(U.S. Patent 4,603,582)
Horsepower = Torque x RPM / 5252
There are two basic types of brake dynamometers; the Engine Dynamometer which takes power directly from the output shaft of the engine and the Chassis Dynamometer which takes power from the drive wheels of the vehicle. Although these dynamometers are the most commonly used test equipment for the determination of automotive engine horsepower, they have several drawbacks as follows:
Cost is also a considerable factor with the above dynamometers. Basic units start at many thousands of dollars. Additionally, they often require support systems such as a test cell, control console, large water supply, exhaust systems, and large air circulation system. The use of these dynamometers is therefore generally limited to the automotive professional or serious auto racer.
Another method whereby the horsepower of an automotive engine may be determined is to employ a torque sensor in the vehicle of the engine under test. This sensor may be of the type that is installed in series with the drive train of the vehicle or it may take on the form of a sensor that detects the rotation of the engine against its mounts. The torque and RPM are measured and the horsepower is calculated in the same manner as the brake dynamometer This method does not require support systems and has the advantage of being able to determine engine horsepower while driving the vehicle on the road or track. The disadvantage is that a torque sensor with any degree of accuracy is generally very expensive and difficult to implement.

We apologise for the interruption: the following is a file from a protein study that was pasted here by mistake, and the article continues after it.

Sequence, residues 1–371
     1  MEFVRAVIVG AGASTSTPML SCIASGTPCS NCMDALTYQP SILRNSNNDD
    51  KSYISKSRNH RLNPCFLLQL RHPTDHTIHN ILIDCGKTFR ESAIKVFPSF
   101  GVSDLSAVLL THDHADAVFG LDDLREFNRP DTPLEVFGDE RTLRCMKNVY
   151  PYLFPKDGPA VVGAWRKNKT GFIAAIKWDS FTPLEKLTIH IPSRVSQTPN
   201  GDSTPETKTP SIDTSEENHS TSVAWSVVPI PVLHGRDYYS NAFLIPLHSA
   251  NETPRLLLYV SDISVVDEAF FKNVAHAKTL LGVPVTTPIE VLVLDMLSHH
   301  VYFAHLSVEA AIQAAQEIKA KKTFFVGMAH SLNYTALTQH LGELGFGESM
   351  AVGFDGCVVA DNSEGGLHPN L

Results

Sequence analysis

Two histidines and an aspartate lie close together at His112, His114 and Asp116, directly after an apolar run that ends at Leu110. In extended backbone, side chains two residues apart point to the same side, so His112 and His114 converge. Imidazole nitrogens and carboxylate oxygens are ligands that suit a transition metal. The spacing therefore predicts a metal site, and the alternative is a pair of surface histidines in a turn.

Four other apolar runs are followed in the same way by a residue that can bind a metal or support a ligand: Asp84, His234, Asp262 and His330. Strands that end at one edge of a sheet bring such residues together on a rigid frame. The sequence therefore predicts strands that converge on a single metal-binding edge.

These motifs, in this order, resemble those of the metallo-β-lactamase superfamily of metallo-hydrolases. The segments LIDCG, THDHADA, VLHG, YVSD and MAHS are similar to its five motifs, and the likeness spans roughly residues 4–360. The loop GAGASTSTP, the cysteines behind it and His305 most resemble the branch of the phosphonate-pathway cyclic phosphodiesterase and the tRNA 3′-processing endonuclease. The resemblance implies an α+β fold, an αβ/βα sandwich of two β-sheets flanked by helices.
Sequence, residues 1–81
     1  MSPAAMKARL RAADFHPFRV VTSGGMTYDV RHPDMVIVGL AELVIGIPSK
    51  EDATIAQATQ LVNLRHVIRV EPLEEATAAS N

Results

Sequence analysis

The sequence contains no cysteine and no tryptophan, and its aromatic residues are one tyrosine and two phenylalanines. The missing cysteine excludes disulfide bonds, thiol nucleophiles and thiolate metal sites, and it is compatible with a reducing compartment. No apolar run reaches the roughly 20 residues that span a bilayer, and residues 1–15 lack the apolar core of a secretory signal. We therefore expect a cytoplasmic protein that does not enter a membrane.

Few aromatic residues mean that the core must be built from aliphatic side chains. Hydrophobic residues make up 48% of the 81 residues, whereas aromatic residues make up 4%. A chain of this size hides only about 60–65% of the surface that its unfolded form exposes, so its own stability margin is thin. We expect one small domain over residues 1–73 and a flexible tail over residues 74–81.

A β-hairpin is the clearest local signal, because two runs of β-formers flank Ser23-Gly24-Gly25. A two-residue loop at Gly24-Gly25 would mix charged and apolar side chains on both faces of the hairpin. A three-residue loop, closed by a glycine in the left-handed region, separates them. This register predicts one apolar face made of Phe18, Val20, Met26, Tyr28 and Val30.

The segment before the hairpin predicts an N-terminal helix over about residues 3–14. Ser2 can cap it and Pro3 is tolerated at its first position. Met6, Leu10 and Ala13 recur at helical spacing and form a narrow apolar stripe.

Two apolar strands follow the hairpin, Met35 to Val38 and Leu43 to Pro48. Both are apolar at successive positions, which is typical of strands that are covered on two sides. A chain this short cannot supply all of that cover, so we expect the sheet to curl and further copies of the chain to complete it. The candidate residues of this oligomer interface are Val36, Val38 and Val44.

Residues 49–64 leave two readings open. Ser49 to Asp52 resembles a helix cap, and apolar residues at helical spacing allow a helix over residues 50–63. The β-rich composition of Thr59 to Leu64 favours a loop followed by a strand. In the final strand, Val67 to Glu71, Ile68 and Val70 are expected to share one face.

A significant shortcoming of both brake dynamometers and in-vehicle torque sensor methods is that they determine the output horsepower of the engine only. They are not capable of measuring other vehicular parameters such as the horsepower dissipated by frictional, viscous, or aerodynamic drag.
The amount of horsepower lost to drag can become quite large with some vehicles, even at very low speeds. High amounts of drag due to friction may indicate a vehicular malfunction. Excessive drag causes a proportionate loss of fuel economy. Aerodynamic drag becomes the limiting factor when it comes to the top speed of a racing vehicle. Because of these facts, it is very desirable to be able to measure the amount of horsepower lost to vehicular drag as well as the engine horsepower to determine overall vehicular performance.